What is the difference between Cisco Catalyst and Nexus Switches?
When you’re designing a powerful network, you need access to the best switches. In order to determine which switches might be the best, you have to explore a few options.
Cisco has plenty of switches to offer, and for high-end networking, the Catalyst and Nexus series come up a lot. What really distinguishes one from the other? We can take a dive into their differences, and you can determine if either family is right for your network.
Catalyst vs. Nexus: Major Differences
Cisco has been making high-end networking switches for a long time, and the Catalyst and Nexus series both fit into that mold. The first Nexus switch was introduced in 2008. It was made for servers that handle large amounts of storage, and subsequent iterations stayed well within that lane.
Catalyst has been around even longer. The first Catalyst switch became available in 1994. This is a series that has experienced almost the full lifespan of the internet and networking as we know it today. Of course, Catalyst switches have undergone persistent design improvements, and modern Catalysts are much more capable than the switches that immortalized the series back in the 90s.
With so much history in operation, you can expect that the switches have undergone plenty of changes, leading to the primary differences that exist today. We can go over the most impactful of those differences now.
One of the primary differences between the types of switches can be found in the operating systems they use. While both switch types have been around for a long time, they have also both been modernized.
The Catalyst series uses IOS for its operating system. With this system, it supports both LACP (Link Aggregation Control Protocol) and PAGP (Port Aggregation Protocol).
Conversely, the Nexus series uses NX-OS. It only supports LACP.
Immediately you can see a primary difference between the two families of switches and how they might impact some of your networking decisions.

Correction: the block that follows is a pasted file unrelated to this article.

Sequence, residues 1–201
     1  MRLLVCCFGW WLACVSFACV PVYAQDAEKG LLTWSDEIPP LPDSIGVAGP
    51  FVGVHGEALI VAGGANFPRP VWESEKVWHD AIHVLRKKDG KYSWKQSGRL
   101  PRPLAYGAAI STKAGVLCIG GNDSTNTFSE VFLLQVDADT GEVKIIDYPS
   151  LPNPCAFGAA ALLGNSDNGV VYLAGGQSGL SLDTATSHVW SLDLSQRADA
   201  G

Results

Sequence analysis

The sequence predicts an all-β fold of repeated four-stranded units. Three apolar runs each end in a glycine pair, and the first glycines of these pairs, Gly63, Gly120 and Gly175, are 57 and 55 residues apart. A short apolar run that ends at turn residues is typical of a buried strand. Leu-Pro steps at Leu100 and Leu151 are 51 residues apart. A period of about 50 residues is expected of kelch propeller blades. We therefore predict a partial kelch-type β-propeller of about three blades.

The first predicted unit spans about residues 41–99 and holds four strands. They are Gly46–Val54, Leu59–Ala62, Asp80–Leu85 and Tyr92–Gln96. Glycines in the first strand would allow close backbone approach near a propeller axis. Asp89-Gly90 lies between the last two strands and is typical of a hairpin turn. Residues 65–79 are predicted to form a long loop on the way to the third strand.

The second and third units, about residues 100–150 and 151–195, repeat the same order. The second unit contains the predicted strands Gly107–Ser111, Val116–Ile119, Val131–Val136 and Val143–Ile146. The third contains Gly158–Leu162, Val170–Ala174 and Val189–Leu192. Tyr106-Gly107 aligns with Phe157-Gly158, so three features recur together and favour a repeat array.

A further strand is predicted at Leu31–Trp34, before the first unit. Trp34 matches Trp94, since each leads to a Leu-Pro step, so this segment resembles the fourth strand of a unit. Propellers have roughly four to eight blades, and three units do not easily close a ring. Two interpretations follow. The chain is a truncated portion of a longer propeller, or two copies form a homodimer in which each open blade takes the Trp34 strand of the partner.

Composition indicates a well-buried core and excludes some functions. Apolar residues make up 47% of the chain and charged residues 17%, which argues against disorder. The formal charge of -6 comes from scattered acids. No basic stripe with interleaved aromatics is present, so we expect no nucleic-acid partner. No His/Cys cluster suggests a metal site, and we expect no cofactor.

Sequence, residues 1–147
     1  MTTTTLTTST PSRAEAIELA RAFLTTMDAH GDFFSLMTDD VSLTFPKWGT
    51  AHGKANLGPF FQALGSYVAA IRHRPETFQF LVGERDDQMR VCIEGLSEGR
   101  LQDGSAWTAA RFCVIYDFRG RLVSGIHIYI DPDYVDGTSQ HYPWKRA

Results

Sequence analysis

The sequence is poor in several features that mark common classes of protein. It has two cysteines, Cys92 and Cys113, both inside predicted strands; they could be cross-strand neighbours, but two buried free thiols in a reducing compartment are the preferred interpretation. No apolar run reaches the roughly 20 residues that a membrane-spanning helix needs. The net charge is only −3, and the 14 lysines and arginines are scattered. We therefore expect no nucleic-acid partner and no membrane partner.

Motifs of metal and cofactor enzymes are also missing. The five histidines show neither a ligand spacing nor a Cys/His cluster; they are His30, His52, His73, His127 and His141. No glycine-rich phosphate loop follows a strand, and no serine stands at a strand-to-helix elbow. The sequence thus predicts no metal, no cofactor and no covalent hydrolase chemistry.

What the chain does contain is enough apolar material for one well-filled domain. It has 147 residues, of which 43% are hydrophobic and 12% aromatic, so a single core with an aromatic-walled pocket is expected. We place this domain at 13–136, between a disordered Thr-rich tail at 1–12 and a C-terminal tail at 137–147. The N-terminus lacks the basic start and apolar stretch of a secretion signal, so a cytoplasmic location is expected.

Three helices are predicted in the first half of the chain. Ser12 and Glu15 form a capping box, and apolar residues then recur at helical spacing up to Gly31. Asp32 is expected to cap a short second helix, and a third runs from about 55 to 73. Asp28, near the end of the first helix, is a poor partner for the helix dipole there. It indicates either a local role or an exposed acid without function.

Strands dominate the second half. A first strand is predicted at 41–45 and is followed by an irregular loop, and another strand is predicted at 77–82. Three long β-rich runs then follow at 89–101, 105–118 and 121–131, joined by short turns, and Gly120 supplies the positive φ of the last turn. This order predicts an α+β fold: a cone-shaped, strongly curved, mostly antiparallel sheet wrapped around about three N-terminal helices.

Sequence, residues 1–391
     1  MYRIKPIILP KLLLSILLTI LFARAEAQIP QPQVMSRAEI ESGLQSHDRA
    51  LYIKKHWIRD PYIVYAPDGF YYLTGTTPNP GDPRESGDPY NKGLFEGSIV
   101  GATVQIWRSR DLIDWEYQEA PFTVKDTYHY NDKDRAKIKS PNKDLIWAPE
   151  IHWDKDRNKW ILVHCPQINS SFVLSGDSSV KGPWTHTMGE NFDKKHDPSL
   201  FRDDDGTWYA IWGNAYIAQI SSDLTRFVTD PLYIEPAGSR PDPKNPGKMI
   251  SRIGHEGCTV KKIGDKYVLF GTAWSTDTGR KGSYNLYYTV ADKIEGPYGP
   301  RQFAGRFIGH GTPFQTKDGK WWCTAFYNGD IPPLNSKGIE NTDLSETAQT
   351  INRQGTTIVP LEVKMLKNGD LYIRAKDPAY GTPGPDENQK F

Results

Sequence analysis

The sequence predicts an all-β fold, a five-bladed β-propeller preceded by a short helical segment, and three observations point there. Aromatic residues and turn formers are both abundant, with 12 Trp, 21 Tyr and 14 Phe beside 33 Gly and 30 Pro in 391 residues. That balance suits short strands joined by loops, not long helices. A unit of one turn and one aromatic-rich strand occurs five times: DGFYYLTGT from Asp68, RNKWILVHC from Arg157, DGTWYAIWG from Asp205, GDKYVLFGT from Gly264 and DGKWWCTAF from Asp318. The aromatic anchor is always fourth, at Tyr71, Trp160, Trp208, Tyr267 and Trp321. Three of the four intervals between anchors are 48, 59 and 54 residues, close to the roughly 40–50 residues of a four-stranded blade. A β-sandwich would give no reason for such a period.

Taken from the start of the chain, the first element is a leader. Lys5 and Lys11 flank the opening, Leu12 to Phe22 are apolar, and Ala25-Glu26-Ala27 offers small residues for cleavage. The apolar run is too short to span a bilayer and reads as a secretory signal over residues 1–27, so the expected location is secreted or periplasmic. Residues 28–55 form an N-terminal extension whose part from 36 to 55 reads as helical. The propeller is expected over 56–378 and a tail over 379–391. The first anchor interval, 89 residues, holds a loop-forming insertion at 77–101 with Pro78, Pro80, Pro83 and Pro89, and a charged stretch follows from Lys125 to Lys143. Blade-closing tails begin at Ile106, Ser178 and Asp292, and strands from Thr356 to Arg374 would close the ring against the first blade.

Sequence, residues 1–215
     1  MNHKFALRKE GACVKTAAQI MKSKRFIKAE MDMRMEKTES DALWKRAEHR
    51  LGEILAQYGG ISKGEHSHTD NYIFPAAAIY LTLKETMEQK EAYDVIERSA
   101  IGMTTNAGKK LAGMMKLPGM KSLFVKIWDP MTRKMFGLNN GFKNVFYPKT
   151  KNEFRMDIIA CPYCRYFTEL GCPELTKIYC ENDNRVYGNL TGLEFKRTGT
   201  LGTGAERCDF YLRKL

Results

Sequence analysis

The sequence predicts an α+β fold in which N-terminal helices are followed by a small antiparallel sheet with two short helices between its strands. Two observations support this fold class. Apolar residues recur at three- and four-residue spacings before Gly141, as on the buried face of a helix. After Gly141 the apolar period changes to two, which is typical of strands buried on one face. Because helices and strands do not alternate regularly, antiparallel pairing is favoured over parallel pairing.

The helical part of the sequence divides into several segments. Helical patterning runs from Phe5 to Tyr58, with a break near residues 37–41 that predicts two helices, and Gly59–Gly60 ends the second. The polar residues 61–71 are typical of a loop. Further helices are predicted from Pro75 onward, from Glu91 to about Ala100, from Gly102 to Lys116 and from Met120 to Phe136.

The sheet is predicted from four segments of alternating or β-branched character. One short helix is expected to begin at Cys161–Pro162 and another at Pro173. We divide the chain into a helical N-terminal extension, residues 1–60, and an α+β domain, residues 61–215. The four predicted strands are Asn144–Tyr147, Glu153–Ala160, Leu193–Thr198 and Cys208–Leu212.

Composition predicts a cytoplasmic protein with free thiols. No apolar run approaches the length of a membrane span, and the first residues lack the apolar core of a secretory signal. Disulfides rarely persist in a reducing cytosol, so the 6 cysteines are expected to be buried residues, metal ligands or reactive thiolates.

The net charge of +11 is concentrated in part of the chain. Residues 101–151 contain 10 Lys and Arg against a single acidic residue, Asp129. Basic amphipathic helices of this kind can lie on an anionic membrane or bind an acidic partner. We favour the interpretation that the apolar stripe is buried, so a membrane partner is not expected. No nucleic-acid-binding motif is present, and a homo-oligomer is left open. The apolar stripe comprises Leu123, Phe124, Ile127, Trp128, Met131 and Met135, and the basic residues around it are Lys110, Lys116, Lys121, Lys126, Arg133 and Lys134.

Another major difference comes down to the types of connections supported by each switch.
The Nexus supports FCoE (Fibre Channel over Ethernet), Ethernet and fiber connections. In fact, you can have all three supported in a single chassis. That allows for incredible network power and flexibility, which is why the Nexus series has remained so popular for so long.
Meanwhile, the Catalyst family of switches does not support FCoE. It is capable of fewer connection types and is less flexible in terms of raw network design potential.
The biggest difference you will see between Catalyst and Nexus switches is in how they are used. Each is designed for a different primary use case, and network designers tend to follow the classifications.
The Catalyst series was developed for large enterprise networking. It’s common for campus connections with high numbers of users, long-range signals and a lot of demand. Catalyst switches are more than up to these demands.
Meanwhile, Nexus switches are found more commonly in data centers. Nexus switches are designed for high-end professional use. When you have sufficient investments into a Cisco infrastructure, Nexus switches can really shine. With their variable connection support and raw networking power, they have been a cornerstone in data center networking for a very long time.
There are plenty of other distinctions that you can find between these switch classes. For instance, the Nexus switch is capable of independent updates, so you can update switches one at a time and prevent any network downtime.
If you want to explore the full extent of differences between Catalyst and Nexus switches, it will take some time. You can work with Cisco specialists or browse the literature published by the company. However you tackle the challenge, the only way to optimize your network and get the most from your equipment is to do the homework.
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- Cisco Catalyst Switches Product Guide
- Basics of Network Switches
- What are the Differences between Cisco 3650 and 3750X Switches?
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